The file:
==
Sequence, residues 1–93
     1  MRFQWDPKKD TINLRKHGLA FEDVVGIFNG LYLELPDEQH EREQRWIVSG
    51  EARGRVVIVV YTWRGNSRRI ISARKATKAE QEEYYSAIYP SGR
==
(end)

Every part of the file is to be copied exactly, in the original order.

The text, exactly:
Sequence, residues 1–93
     1  MRFQWDPKKD TINLRKHGLA FEDVVGIFNG LYLELPDEQH EREQRWIVSG
    51  EARGRVVIVV YTWRGNSRRI ISARKATKAE QEEYYSAIYP SGR